Smart speakers with voice assistants like Alexa, Siri, Cortana and the Google Assistant mistakenly listen up to 19 times per day, and for up to 43 seconds at a time.
These are the findings of a thorough study into voice assistants and smart speakers conducted by Northeastern University, in Boston. The study looked to understand when and why smart speakers mistakenly start listening.
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Any smart speaker owners will be familiar with the need to say, "Cancel" every so often, after their voice assistant fires into life because it mistakenly hears its name. This often happens while watching television, with on-screen dialogue mistaken for the speaker's wake-word.
In a bid to quantify this phenomenon, Northeastern University gathered up five smart speakers. These included the first-generation Google Home Mini, Apple HomePod and Harman Kardon Invoke (which uses Microsoft's Cortana assistant), plus a pair of second-generation Amazon Echo Dots and a pair of third-generation Dots.
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They were then placed in a room where 125 hours of Netflix content was played nearby. This content was spread across 12 different shows, including Gilmore Girls, The Office, Big Bang Theory and The West Wing.
Every time a speaker mistakenly woke up and began listening (and therefore recording), researchers noted what was said on the TV to cause the mistake.
Although the test didn't find any evidence of the speakers constantly recording, it found the speakers would, on average, incorrectly listen between 1.5 and 19 times per 24-hour day. They often only listened for a short amount of time, but there were some lengthy exceptions.
"We have found several cases of long activations," said researchers. "Echo Dot 2nd Generation and Invoke devices have the longest activations (20-43 seconds). For the HomePod and the majority of Echo devices, more than half of the activations last six seconds or more."
Clearly, a 40-second recording is long enough to gather up sensitive information spoken by anyone nearby. It is also worth reminding readers that these devices record every time they start listening, then send this recording to their manufacturer's server, where it is automatically analyzed to provide the assistant with an answer. The recording is then stored on the server until the speaker owner deletes it. In the case of Alexa and Google Assistant, these recordings can be listened to at any time via the voice assistant's smartphone app.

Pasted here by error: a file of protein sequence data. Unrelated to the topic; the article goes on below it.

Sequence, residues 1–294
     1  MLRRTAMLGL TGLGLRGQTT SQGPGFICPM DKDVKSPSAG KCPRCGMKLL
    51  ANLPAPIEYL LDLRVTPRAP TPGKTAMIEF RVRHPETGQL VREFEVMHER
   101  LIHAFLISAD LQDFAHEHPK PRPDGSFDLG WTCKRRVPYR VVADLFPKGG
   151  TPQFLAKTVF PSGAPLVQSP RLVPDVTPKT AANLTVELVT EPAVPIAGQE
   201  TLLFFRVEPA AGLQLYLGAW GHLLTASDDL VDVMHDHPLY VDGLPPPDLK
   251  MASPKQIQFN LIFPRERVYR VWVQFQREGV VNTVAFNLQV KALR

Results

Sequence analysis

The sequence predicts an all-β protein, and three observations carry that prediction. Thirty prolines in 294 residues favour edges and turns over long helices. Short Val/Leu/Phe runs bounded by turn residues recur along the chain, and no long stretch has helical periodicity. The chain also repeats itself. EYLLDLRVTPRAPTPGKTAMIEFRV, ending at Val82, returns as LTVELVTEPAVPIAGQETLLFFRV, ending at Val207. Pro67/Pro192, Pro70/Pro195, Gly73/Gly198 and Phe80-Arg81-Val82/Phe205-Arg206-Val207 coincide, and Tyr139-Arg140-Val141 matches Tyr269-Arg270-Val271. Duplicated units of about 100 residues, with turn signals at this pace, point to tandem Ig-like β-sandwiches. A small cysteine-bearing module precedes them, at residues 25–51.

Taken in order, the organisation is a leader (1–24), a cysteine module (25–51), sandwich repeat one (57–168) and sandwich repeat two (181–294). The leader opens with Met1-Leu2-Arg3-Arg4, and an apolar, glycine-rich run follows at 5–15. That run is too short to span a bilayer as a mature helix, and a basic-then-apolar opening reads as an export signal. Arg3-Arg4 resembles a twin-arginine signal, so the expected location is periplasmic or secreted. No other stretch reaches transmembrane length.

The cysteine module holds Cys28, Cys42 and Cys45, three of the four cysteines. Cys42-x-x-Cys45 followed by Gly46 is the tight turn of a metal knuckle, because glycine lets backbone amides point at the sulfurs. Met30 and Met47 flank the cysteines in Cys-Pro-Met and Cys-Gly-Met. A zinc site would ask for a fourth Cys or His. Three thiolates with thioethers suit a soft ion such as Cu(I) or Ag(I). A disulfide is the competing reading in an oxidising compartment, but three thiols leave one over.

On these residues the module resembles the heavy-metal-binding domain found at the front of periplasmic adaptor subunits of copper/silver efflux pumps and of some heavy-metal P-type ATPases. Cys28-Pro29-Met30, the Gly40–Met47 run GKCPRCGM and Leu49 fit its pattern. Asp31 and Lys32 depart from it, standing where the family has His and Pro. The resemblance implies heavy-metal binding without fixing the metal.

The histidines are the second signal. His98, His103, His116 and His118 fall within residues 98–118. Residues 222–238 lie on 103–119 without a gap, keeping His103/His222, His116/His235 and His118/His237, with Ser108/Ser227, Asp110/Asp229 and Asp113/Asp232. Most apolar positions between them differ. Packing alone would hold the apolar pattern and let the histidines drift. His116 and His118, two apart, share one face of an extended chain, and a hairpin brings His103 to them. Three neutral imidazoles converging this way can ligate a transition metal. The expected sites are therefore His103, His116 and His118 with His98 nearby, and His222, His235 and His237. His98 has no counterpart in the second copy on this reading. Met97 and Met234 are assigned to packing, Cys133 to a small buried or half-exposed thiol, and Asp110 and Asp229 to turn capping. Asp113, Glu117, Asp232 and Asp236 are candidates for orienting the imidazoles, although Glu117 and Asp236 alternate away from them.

The study discovered which words are most likely to cause each assistant to start listening. For the Google Home Mini, which responds to 'Hey Google' or 'Okay Google', the following words and phrases caused a false-positive:
- "Okay, and what"
- "I can work"
- "What kind of"
- "Okay, but not"
- "I can spare"
- "I don't like the cold"
For the Apple HomePod, which responds to "Hey Siri," the phrases that caused it to listen included:
- "He clearly"
- "They very"
- "Hey sorry"
- "Okay, yeah"
- "And seriously"
- "I'm sorry"
- "They say"
For Alexa, the words and phrases which woke the speaker included:
- "Kevin's car"
Given the revelation last summer that all of the above companies have employed workers to listen to samples of recordings made by these speakers, in a bid to find out why they don't always work properly, discovering just how often they record by mistake is unlikely to reassure owners.
Of course, there is always the option to mute the microphone or switch them off.
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